Journal Musings Poetry

Waking to

Here, let me murmur a bit about the light today, the falling of heat like a rain of down from some passing flock.

Water Lilies Great Meadows
Water lilies in autumn, Great Meadows State Park, Concord, Massachusetts, U.S.A. 1990

Here, let me murmur a bit about the light today, the falling of heat like a rain of down from some passing flock. The passage from sleep to that soft transfer of thought didn’t stop at the window. I stepped out and showered in peace, wings of stillness rising and falling about me, where only yesterday the air shook with trepidation. I waited in the bated morning, expecting a voice to shatter the emergence of it all, but the interval lasted, pregnant with silence. For a time it was just as I imagined, me and clouds scratching by overhead, heading north-northwest. Speed or a trendy displacement had no place in that brief perfection, as if I was given a reprieve. But I dared not blink, lest, in that eternity of blindness, time forsook me, and the slow ghosts of change failed the quickness of my eyes, too slow for remembrance. Even to mouth the news turns the encounter to dust, so, as I speak, the light is lost, sifting through wire, long, powdery, and loved into absence.

13 replies on “Waking to”

I see you’ve managed to push the world back a few feet again … good to hear your (other) voice again, although both voices are always welcome. In fact, your voice actually motivated me to action on something, but that’s for another day. Mostly, just good to see your textures and images emerging again.


You say that “even to mouth the news” is to have it turn to dust as it travels to us. But maybe not entirely. I experience something when I read it – maybe not your experience; maybe something else entirely, as your words intersect with my mind. But something that has spurred me to bookmark this site for returning.


This post is a discovery, a gift. It’s poetry as I hope for it, simply using whatever power language has to express what words can’t express: the personal wonder of a moment perceived on its own terms. And no pretentious line breaks, because the traditional requirements of form have nothing to do with true poetic expression. This post is contains more poetry than 99% of the poems I’ve read lately. This is what real poetry looks like, folks.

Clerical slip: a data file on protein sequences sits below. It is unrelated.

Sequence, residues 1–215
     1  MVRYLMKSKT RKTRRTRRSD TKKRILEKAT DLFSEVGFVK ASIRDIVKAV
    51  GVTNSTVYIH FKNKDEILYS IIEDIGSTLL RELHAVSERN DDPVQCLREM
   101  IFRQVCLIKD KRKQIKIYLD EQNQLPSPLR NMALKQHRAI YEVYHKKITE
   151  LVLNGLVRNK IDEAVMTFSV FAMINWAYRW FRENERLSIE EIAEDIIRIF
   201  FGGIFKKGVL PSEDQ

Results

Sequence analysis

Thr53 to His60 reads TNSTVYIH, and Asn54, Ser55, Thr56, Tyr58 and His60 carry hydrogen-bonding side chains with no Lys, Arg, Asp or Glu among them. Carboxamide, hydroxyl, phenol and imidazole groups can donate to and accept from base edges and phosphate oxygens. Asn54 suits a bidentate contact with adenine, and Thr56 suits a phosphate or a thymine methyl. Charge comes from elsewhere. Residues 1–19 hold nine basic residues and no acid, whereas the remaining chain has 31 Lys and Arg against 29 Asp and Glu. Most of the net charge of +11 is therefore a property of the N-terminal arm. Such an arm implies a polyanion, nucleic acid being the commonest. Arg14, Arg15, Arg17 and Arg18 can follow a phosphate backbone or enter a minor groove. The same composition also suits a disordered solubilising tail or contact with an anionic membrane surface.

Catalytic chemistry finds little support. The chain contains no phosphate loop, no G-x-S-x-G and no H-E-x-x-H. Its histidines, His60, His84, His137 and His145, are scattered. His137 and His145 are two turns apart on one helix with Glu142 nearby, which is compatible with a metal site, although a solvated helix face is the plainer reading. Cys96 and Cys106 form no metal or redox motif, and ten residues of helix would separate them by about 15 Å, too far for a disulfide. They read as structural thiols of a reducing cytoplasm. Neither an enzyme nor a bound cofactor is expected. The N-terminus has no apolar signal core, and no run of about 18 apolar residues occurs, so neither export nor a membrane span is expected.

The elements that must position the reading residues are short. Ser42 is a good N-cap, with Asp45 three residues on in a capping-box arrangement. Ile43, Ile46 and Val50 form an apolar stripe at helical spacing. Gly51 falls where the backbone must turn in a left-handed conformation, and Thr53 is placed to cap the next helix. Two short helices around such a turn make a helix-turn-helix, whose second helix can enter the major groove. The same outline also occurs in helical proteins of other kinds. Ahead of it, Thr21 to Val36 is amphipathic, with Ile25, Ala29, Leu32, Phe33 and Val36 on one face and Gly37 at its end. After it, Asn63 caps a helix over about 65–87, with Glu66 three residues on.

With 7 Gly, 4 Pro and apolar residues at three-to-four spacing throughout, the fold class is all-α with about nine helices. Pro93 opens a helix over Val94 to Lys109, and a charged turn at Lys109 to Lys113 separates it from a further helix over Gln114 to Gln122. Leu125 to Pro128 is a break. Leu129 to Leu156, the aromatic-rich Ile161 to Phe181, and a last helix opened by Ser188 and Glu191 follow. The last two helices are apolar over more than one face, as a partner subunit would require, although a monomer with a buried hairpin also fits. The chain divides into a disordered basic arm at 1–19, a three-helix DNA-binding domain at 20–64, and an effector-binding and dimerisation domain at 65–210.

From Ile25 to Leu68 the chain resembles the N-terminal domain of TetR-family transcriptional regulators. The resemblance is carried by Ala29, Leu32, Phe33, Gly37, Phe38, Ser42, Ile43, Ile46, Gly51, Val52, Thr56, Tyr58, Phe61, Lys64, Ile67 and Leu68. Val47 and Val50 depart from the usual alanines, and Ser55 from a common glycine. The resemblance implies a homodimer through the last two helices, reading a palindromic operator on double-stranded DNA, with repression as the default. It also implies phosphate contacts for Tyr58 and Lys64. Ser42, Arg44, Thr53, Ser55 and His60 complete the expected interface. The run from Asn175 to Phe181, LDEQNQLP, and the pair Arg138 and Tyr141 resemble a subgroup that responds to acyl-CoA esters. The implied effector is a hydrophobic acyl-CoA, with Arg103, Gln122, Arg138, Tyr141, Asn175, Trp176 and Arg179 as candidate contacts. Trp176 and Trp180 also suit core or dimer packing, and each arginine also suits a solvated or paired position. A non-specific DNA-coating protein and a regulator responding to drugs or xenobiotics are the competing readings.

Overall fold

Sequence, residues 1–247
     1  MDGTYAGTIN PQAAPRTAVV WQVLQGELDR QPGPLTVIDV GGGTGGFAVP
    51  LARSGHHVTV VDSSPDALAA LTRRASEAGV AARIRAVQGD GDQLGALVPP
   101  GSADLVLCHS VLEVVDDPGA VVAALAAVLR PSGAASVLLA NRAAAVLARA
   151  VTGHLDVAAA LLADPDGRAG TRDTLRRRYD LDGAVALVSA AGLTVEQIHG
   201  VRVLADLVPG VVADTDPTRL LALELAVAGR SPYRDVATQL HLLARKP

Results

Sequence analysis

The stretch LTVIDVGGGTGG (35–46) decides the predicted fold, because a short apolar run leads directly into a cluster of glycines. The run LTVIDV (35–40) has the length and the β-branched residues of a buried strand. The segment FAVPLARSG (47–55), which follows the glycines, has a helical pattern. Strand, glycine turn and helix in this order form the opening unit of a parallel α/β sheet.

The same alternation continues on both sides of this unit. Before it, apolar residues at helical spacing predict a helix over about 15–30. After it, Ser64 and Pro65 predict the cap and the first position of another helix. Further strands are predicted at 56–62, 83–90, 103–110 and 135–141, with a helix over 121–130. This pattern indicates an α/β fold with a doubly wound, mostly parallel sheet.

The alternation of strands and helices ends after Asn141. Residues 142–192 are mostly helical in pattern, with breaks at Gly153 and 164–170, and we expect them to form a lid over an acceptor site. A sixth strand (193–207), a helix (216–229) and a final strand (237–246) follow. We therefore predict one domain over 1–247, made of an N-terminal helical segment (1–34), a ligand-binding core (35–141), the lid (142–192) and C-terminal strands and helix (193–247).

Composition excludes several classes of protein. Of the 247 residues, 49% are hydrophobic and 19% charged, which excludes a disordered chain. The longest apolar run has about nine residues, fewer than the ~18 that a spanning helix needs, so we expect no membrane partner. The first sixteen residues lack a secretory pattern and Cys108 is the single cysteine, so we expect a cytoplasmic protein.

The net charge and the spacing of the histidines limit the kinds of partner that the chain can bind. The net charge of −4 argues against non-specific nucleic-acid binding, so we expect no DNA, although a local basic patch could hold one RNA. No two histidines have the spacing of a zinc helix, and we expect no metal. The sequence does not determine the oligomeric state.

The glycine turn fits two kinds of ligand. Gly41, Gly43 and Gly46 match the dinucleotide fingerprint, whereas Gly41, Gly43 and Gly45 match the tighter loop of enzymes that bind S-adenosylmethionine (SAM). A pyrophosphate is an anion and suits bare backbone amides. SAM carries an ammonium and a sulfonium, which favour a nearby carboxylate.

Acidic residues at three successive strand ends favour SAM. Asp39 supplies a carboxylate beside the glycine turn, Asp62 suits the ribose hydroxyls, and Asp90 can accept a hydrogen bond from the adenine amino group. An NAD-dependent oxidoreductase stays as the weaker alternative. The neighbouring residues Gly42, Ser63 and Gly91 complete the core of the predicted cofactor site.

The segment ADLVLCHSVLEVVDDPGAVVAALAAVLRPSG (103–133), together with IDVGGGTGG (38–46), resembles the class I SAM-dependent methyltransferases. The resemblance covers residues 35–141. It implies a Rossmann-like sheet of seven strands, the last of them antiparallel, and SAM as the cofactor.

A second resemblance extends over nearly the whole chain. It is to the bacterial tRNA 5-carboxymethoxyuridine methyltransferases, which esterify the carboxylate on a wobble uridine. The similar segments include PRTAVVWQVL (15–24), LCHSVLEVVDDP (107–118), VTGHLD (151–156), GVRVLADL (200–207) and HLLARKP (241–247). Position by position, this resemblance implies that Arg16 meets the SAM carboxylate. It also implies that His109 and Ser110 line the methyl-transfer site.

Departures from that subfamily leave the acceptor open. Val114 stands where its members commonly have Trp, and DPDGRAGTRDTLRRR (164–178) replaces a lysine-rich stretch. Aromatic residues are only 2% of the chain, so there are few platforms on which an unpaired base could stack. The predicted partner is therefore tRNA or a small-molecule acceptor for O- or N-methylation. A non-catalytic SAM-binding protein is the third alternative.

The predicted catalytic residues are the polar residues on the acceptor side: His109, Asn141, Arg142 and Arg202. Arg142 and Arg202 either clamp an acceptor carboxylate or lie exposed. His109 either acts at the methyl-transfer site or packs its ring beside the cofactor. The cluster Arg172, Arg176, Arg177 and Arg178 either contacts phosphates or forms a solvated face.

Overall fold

Without people having followed me through the years with my writing there is no way to express how weird it feels for people to tell me they like what I wrote, as poetry. I didn’t write this thinking “poetry”. I was just trying to capture that essence of a momentary experience I had, and the only vocabulary I could find were the words that ended up here. What is so strange is that I had come to the conclusion that I am no good at poetry (I won’t say just how many rejection slips I got over the years!), and as the comments sink in I’m wondering if I had misunderstood something about poetry all this time. It isn’t a veneer of words I think I’ve now discovered. But I have a bad habit of glossing over the truth. If only I could discern truth better.


I wonder if discerning truth isn’t the hard part, but finding the words to express it. Seems to me you came pretty darn close in this post. Call it a prose poem if you will, it’s still poetic.

Lovely image, too. I keep finding photographs on your site – in Japan – of places right here where I live in Massachusetts! Sometimes your words do that, too, though – a description of something far away yet it expresses something I can feel and relate to right here.


wandering there, among the words and colour i stumbled on your site…was going to follow the crumbs back but the crows ate them. how did i get here? which way is up? does it matter? “even to mouth the news turns the encounter to dust, so, as i speak the light is lost, sifting through wire, long, powedery, and loved into absence.” funny how something that never was can disappear. now i *am* lost. and glad.*sits down.


Usually, writing seems to follow some linear process of turning unverbalised thoughts/feelings into words in your head, then into words on paper that try to explain those thoughts, so that the reader can reconstruct the original wordless idea. I’ve always thought of poetry as a means of bypassing some of those linear, deterministic stages and going straight from something in one person’s head to something in another’s, with the words simply being a transfer medium. So by that definition, your words count as pure poetry, as they recreate in me something I find hard to find words for. Thank you.


“…I dared not blink, lest, in that eternity of blindness…”

This ranks very high on my poetry meter. This one line makes me want to write another entire poem around the concept of the eternity within a blink of time. Those ten words you wrote tell a graceful and evocative story, from beginning to middle to end. That is definitely poetry.


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